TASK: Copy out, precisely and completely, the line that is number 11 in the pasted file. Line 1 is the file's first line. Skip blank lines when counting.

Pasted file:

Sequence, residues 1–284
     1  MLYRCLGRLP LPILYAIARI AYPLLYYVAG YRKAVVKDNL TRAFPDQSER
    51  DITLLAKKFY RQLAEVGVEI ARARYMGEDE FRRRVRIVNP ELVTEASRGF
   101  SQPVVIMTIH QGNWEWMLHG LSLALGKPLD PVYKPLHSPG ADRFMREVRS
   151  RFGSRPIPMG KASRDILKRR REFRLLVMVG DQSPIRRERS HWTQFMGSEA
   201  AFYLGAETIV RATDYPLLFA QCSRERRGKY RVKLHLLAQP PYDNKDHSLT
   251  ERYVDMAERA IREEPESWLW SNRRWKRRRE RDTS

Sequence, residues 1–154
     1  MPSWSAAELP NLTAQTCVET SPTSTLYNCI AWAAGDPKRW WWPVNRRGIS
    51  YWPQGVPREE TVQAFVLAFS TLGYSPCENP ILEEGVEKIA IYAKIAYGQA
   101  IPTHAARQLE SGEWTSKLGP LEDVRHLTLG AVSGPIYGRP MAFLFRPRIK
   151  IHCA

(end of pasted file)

   101  IPTHAARQLE SGEWTSKLGP LEDVRHLTLG AVSGPIYGRP MAFLFRPRIK